At the same time we have to acknowledge that it did nothing to help resolve the conflict with the Palestinians, but that was not a goal of the accords.  Rather I think it was a statement by Arab states signaling to the Palestinians that they are tired of their intransience and that joining with Israel to develop technology and to oppose Iran is more important to them than standing together with the Palestinians in their fight against Israel. Israel was once isolated in the Middle East, as they make more friends, perhaps the Palestinians will realize that the whole region does not hate Israel. Certainly, the firing of missiles from Gaza during the signing ceremony, indicates that that this step by other Arabs will not bring the Palestinians to the negotiating table, rather they are demonstrating their displeasure.

I believe that we must be thankful for this new development and at the same time, continue to hope and pray that Israel and the Palestinians find a way to end the ongoing conflict as the status que is not an acceptable solution.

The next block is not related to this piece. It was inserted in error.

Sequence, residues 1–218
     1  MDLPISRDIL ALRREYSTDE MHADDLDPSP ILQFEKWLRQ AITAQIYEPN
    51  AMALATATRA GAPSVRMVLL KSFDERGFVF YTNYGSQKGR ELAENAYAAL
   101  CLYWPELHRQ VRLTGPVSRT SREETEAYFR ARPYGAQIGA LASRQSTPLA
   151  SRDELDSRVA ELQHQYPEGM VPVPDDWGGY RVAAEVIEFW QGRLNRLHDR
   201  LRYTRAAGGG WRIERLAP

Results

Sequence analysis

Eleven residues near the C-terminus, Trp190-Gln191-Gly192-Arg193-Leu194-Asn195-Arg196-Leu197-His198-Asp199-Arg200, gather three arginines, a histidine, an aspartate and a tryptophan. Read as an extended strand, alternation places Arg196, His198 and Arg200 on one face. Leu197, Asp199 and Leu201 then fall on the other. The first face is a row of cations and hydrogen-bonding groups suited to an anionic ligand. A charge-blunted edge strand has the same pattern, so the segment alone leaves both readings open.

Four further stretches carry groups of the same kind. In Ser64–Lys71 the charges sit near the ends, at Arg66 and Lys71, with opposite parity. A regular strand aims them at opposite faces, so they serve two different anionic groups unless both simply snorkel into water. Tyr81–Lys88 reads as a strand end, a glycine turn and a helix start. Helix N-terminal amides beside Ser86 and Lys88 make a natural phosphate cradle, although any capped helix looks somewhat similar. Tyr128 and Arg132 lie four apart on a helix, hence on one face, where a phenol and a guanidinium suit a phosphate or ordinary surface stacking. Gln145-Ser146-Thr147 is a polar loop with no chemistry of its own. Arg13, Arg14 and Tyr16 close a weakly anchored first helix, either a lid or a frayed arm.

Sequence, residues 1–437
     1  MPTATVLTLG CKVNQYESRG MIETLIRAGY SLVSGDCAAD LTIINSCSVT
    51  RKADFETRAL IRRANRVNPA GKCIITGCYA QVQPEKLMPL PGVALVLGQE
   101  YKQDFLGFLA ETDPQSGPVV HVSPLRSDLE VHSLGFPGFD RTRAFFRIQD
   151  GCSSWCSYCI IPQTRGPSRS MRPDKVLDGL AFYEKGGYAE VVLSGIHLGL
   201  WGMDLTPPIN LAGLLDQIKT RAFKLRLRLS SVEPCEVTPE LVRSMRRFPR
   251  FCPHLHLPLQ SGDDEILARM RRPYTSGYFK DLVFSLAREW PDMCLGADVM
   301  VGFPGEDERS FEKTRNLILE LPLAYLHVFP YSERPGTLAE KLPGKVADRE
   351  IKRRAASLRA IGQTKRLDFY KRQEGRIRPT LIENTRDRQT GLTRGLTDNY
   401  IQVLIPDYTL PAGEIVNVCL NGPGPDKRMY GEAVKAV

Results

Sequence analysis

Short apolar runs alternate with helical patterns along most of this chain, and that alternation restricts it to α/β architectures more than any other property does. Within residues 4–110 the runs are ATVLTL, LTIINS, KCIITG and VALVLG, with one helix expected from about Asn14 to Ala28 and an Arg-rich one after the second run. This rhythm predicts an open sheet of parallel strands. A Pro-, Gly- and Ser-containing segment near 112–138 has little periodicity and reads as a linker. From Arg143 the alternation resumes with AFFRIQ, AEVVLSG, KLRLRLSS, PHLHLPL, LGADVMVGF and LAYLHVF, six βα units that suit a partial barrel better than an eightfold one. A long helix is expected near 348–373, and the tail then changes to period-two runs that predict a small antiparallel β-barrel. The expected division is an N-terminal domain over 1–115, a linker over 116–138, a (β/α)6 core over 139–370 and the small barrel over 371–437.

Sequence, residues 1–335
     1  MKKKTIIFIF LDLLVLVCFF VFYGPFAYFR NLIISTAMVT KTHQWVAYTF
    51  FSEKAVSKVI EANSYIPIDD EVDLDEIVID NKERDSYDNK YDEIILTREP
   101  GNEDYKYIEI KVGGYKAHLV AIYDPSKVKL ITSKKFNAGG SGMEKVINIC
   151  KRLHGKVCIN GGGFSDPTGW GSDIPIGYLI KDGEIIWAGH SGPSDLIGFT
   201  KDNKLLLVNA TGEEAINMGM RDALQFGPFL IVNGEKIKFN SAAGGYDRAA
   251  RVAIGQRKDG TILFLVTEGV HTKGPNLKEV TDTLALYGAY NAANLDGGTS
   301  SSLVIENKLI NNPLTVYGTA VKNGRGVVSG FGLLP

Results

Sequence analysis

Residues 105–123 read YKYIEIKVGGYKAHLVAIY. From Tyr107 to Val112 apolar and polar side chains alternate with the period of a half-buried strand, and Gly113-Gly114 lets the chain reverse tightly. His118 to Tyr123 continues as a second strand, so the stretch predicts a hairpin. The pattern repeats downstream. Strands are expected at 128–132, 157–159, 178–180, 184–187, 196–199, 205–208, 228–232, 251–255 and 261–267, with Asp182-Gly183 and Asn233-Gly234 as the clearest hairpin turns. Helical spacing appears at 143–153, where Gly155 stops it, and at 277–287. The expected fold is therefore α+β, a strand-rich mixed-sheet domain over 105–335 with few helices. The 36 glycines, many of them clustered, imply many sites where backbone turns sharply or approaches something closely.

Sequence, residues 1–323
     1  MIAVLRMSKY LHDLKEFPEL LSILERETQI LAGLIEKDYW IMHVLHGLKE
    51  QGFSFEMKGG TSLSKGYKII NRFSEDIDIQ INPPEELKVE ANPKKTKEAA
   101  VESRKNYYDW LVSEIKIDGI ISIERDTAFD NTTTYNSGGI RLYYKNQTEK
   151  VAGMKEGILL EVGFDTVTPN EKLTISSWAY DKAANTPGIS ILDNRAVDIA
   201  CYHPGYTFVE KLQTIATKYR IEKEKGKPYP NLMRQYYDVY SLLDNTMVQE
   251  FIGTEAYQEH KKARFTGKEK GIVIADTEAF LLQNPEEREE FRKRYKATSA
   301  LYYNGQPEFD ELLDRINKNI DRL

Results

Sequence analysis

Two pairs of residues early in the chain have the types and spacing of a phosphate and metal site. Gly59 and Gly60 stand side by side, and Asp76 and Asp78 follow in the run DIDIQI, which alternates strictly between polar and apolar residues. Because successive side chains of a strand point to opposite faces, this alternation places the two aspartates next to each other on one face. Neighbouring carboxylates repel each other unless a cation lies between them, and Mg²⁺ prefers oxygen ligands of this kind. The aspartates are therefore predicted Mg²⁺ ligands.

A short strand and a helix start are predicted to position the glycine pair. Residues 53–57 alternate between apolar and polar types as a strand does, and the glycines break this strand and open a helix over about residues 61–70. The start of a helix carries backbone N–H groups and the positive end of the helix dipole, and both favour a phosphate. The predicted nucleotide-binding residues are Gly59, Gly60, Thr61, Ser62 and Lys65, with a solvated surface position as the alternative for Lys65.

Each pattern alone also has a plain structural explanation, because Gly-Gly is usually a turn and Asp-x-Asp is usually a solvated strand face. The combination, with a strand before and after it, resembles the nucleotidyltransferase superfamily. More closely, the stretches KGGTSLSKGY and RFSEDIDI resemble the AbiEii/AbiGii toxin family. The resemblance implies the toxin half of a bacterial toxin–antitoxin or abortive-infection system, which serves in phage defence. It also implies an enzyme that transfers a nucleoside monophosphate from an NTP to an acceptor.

In the midst of all this, Israel has been hard hit by the coronavirus.  The only flights that have been going into Israel have been with gap year students. Nativ, the Conservative Movement gap year program, as well as yeshivot throughout the country are at maximum capacity, but everyone is following the protocols, all students had to quarantine for two weeks upon arrival and now will be staying put over the holidays. As Israel is the first country to enact a second lockdown which started just before Rosh Hashanah and it will continue throughout the Chagim. The goal is to prevent Israelis from gathering with family and friends over the holidays thereby spreading the virus.

I’d like to share with you a wonderful coronavirus story that I learned about from an AIPAC publication that gives me hope that perhaps someday things in Israel can be different.  In the midst of the first wave of the coronavirus, Israeli society did not hesitate to quickly take action. Israel set up “corona hotels” for people who had tested positive for the disease and could not go back to their homes without potentially infecting other people. In Jerusalem it was at the Dan Hotel.  At the start, the manager of the hotel was asking people about their backgrounds to understand who to pair together as roommates: Orthodox Jews with other Orthodox Jews, secular Jews with other secular Jews, and Arabs with other Arabs.